6 EPA SW-846 Method 3015A5 This microwave method is designed to perform extraction using microwave heating with HNO3, or alternatively, with a mixture of HNO3 and HCl. Due to the rapid advances in microwave technology, consult the manufacturer's recommended instructions for guidance on their microwave digestion system. This method is generic and may be implemented using a wide variety of laboratory microwave 1:Add a 45 mL aliquot of a well-shaken, homogenized Sample using an appropriate volumetric measurement and delivery device to an appropriate vessel equipped with a controlled pressure relief 2:Add 5 mL of concentrated HNO3 or, alternatively, 4 mL of concentrated HNO3 and 1 mL of concentrated HCl to the vessel in a fume hood (or fume exhausted enclosure).Step 3:Seal the vessel according to the manufacturer's directions. Properly place the vessel in the microwave system according to the manufacturer's recommendations and, when applicable, connect appropriate temperature and pressure monitoring equipment to vessels according to manufacturer s 4:The temperature of each Sample should rise to 170 5 C in approximately 10 min and remain at 170 5 C for 10 min, or for the remainder of the 20 min digestion 5:At the end of the microwave program, allow the vessels to cool for a minimum of 5 min before removing them from the microwave system.
7 When the vessels are cooled to near room temperature, determine if the microwave vessels have maintained their seal throughout the 6:Complete the preparation of the Sample by venting the microwave containers in a fume hood before uncapping, to avoid a rush of acid vapor that may still be in the headspace. When sufficiently cool to handle, carefully uncap the vessels using the procedure recommended by the vessel manufacturer. Quantitatively transfer the Sample to an acid-cleaned bottle. If the digested Sample contains particulates that may clog nebulizers or interfere with injection of the Sample into the instrument, the Sample should be centrifuged, allowed to settle, or 7:Transfer or decant the Sample into a volumetric flask and dilute the digest to a known volume. The Sample is now ready for that are digested using the 3015A5 digestion method are suitable for analysis by ICP-MS , ICP-OES , FLAA and graphite furnace Soil samples:Hot plate digestion:The described Sample preparation protocol requires the use of hazardous chemicals, especially hydrofluoric acid (HF) and perchloric acid (HClO4).
8 Because of the ability of these acids to penetrate tissue, poisoning can occur readily through exposure to skin or eyes, or when inhaled or swallowed. Appropriate personal protective gear such as laboratory coat, safety glasses, and gloves specifically for handling HF and HClO4 are required. When using HF, it is also essential to ensure that calcium gluconate gel is immediately available for application to any areas of skin that come into contact with this acid, after rinsing the affected areas with water and drying General procedure:This procedure is a suitable digestion method for the preparation of soil, sediment, and solid waste samples for ICP-OES and ICP-MS analysis. If samples are being prepared for ICP-MS analysis, it is recommended to dilute samples further due to the acid concentration in the 1:Homogenize and accurately weigh g of the soil or sediment Sample into a polytetrafluoroethylene (PTFE) crucible and moisten with 3 mL of ultrapure water.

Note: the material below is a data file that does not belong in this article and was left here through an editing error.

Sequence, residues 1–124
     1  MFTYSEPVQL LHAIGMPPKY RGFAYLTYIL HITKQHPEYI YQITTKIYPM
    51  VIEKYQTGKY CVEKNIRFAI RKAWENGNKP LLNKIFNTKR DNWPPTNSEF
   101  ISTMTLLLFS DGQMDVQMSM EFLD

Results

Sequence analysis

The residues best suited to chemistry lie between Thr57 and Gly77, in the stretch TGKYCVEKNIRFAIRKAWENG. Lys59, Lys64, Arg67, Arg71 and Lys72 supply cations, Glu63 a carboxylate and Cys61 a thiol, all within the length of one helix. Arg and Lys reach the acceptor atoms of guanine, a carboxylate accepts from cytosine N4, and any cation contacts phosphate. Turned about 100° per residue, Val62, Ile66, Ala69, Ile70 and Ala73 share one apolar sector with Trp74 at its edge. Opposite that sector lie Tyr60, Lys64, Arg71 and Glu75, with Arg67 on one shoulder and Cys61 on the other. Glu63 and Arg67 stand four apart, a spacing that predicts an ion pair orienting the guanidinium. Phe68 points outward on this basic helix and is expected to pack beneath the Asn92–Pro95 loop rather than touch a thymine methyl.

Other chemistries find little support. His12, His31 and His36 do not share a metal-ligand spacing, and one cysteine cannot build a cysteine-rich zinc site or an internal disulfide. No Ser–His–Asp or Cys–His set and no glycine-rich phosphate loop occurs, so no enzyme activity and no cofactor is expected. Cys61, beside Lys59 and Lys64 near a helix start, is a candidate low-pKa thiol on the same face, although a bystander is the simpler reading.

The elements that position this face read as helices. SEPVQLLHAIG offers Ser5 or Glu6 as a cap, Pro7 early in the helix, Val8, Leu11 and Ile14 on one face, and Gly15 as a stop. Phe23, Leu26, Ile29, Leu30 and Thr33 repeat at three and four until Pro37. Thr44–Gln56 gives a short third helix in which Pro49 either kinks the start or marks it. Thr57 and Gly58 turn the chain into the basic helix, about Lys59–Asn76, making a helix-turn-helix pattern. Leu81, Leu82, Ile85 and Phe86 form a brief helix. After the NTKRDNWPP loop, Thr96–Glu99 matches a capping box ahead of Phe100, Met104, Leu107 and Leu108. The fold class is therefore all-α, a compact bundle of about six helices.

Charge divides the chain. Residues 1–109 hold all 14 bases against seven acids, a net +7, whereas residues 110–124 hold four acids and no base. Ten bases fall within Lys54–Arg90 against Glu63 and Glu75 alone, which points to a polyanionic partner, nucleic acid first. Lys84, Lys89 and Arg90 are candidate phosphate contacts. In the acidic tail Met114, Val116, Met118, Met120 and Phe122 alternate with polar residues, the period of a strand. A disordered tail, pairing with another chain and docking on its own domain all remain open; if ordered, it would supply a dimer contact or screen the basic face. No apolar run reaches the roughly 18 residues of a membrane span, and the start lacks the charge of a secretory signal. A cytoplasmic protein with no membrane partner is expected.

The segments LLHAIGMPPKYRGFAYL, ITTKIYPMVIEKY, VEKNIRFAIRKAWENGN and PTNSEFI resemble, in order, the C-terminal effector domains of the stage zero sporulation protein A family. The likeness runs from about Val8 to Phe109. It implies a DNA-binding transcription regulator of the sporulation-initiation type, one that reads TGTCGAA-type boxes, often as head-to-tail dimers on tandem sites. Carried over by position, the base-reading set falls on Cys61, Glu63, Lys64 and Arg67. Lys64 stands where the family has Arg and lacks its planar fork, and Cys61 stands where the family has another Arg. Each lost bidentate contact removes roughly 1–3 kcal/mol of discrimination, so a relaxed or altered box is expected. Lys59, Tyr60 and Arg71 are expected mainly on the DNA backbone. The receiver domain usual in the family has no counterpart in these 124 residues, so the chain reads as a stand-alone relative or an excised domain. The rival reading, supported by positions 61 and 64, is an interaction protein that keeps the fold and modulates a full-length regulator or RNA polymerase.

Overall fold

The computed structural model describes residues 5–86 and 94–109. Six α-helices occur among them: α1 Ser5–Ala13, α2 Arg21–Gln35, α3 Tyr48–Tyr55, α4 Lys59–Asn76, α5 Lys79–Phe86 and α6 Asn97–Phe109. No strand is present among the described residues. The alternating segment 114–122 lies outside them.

9 Add 4 mL of an acid mixture (HF:HClO4 = 5:1,) to the crucible, and heat the Sample to 260 C on an electric hot plate digestion system in a fume hood. Add a further 4 mL of the acid mixture and heat until emission of white smoke has ended. Step 2:Add 2 mL of aqua regia (HCl:HNO3 = 3:1) to re-dissolve the mixture. Then add 10 mL of 10% aqua regia to the extract; the Sample solution should become clear and transparent. Cool the solution, add 2 mL HNO3, transfer the Sample extract to a 100 mL PTFE volumetric flask and make up to volume with ultrapure procedures are described in method EPA 3050B6 For this digestion procedure, weigh to the nearest g and transfer a 1 2 g Sample (wet weight) or 1 g Sample (dry weight) to a digestion vessel. For samples with high liquid content, a larger Sample size may be used as long as digestion is 1:For the digestion of samples for analysis by GFAA or ICP-MS , add 10 mL of 1:1 HNO3, mix the slurry, and cover with a watch glass or vapor recovery device.
10 Heat the Sample to 95 C 5 C and reflux for 10 to 15 min without boiling in a fume hood. Allow the Sample to cool, add 5 mL of concentrated HNO3, replace the cover, and reflux for 30 min. If brown fumes are generated, indicating oxidation of the Sample by HNO3, repeat this step (addition of 5 mL of concentrated HNO3) over and over until no further brown fumes are given off by the Sample indicating complete reaction with HNO3. Using a ribbed watch glass or vapor recovery system, either allow the solution to evaporate to approximately 5 mL without boiling or heat at 95 C 5 C without boiling for two hours. Always maintain a covering of solution over the bottom of the vessel. Step 2:After the first step is completed and the Sample is cooled, add 2 mL of water and 3 mL of 30% H2O2. Cover the vessel with a watch glass or vapor recovery device and return the covered vessel to the heat source for warming and to start the peroxide reaction.